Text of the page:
Updated: Oct 23, 2019
by Rich Savidant, OSJ Staff | Twitter: @SavMoney1point0
Week 1 of the 2019 NFL season is in the books. For the fan base of most NFL teams, Week 1 brings out optimism and hope with aspirations of a Super Bowl victory. For Detroit Lions fans, of which I am (unfortunately) one, Week 1 kicks off an annual 4-month journey filled with heartbreak and despair.
The Detroit Lions are not only the worst franchise in the NFL, they are the worst franchise in professional sports. And it isn’t even close. Let me present some basic evidence, focusing only on the Super Bowl era (1966-present):
Lack of Playoff Success
Only 4 NFL teams (Jaguars, Texans, Browns and Lions) have never played in a Super Bowl. Keep in mind, the Jaguars have only been in the league since 1995 and the Texans since 2002. The Browns have been in the league since 1966 but the franchise didn’t exist between 1996-1999; the franchise had to start anew in 2000. The Lions have failed to make the Super Bowl even once in 52 seasons.
If you are wondering why the Lions have never played in a Super Bowl, the reason may be that the franchise has only won 1 playoff game in the Super Bowl Era. That is not a typo. In 1991 the division-winning Lions beat the Cowboys 38-6 before losing 41-10 to the Redskins in the NFC Championship.
The Ford family has owned the Detroit Lions since 1961, pre-dating the Super Bowl by 6 years. William Clay Ford bought the team and his wife Martha took over the helm following his death in 2014. Having stable ownership is a precursor to success when the owner is competent (Google “New England Patriots NFL”). Having stable ownership is a precursor to failure when the owner is incompetent (Google “Ottawa Senators NHL”). By all accounts the members of the Ford family are hardworking and successful pillars of the Detroit community, with one exception: They have made consistently horrible football-related decisions for 58 consecutive years.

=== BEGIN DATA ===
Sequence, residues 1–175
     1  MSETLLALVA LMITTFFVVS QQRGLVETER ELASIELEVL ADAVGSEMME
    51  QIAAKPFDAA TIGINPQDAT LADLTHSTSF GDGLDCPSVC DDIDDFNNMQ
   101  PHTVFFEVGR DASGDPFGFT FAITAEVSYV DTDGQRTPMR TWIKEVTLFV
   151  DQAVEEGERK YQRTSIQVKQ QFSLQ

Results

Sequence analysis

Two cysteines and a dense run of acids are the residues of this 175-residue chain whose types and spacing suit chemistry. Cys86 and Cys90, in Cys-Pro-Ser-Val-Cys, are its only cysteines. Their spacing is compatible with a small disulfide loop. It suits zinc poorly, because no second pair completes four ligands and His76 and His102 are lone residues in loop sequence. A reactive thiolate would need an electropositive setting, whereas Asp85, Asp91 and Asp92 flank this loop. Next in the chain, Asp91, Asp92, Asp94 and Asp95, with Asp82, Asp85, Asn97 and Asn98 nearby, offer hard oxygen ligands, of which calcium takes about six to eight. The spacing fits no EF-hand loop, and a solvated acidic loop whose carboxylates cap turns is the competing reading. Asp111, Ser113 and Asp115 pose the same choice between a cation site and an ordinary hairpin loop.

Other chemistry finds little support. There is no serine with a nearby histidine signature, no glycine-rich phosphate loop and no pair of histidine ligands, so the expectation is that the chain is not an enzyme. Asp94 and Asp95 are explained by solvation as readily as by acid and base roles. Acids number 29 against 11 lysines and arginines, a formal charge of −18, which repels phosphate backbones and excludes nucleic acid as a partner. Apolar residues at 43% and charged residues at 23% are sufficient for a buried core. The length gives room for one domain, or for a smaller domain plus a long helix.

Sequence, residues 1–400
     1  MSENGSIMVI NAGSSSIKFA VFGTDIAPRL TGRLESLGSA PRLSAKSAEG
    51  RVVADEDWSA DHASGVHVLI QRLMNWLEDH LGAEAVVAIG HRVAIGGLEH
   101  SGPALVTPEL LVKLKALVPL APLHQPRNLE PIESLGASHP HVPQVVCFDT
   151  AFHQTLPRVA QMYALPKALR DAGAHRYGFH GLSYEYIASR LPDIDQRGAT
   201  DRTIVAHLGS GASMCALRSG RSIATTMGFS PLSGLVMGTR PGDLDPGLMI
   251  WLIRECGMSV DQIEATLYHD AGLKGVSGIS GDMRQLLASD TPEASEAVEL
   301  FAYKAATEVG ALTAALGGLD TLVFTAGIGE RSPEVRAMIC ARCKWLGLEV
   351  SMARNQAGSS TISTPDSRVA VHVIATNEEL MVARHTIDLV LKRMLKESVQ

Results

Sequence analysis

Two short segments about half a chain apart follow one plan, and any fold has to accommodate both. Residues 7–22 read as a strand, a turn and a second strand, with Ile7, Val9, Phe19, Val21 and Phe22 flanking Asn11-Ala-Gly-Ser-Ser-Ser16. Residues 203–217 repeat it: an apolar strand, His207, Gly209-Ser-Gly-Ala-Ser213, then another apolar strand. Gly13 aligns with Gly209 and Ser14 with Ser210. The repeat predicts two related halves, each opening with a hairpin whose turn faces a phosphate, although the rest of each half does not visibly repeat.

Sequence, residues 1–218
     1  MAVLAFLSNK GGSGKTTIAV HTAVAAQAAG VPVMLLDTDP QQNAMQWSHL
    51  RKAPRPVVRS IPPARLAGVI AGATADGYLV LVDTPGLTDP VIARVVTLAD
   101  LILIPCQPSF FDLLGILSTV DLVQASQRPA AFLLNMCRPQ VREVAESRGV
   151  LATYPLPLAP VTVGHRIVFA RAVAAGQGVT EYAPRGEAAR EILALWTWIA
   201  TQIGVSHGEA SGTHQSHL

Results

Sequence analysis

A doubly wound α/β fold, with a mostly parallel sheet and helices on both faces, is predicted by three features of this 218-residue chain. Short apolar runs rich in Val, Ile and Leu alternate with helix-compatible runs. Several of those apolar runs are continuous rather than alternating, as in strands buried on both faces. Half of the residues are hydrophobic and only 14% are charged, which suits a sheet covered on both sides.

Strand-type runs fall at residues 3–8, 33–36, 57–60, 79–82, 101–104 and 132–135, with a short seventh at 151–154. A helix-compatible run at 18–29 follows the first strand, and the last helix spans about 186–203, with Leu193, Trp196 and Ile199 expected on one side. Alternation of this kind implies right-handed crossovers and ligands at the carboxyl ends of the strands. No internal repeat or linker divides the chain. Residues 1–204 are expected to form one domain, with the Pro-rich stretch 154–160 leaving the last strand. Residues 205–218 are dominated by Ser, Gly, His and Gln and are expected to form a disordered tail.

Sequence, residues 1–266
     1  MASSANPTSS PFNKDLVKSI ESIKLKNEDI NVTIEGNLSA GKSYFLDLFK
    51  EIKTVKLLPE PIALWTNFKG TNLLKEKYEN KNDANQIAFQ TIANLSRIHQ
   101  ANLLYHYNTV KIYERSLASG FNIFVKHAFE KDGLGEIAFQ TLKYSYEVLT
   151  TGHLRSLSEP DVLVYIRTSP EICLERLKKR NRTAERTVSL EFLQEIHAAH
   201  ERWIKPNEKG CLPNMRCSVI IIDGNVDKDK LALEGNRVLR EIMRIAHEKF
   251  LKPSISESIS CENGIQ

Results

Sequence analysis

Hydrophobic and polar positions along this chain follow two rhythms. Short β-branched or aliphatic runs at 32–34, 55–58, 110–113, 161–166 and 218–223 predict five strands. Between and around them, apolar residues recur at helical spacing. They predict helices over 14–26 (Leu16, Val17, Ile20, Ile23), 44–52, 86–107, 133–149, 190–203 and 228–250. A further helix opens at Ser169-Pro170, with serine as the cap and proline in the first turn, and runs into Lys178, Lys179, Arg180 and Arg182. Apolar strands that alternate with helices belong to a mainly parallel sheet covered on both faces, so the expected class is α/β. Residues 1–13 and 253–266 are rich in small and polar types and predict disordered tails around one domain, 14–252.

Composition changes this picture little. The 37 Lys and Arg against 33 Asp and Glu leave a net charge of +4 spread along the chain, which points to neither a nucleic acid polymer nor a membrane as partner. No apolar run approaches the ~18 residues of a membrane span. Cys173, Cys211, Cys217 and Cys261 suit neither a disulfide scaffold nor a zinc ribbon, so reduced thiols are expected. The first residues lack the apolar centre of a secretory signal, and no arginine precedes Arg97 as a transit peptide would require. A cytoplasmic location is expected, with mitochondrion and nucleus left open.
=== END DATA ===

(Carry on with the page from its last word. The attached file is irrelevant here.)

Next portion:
If you could only use one word to summarize the history of Detroit Lions general managers, that word would be inept. Or awful. Or putrid. In 2001, William Clay Ford made what is arguably the worst decision by any owner in the history of professional sports when he hired Matt Millen as the CEO and general manager of the Detroit Lions. Millen at the time was in the broadcast booth for the NFL Network position and had zero coaching or management experience. Millen was the Lions CEO and GM for 7 full seasons and compiled a record of 31-81 over that miserable stretch. The Lions lost at least 9 games in each of these seasons. This included a road record of 0-24 during Millen’s first 3 seasons. Millen was a terrible evaluator of free agents, awful at drafting and useless at selecting head coaches. William Clay Ford punished Millen for his complete lack of ability by giving him a 5-year contract extension in 2005.
I could write a dissertation on the Lions horrible draft record. But that would bore you and depress me. I will summarize their draft futility with this snapshot: Beginning in 2002, the Lions picked in the top 10 for 5 consecutive years and selected the following players: QB Joey Harrington (#3), WR Charles Rogers (#2), WR Roy Williams (#7), WR Mike Williams (#10) and OLB Ernie Sims (#9). All 5 players are considered draft busts. Charles Rogers is in the conversation With Ryan Leaf and Jamarcus Russell as the biggest draft bust in NFL history.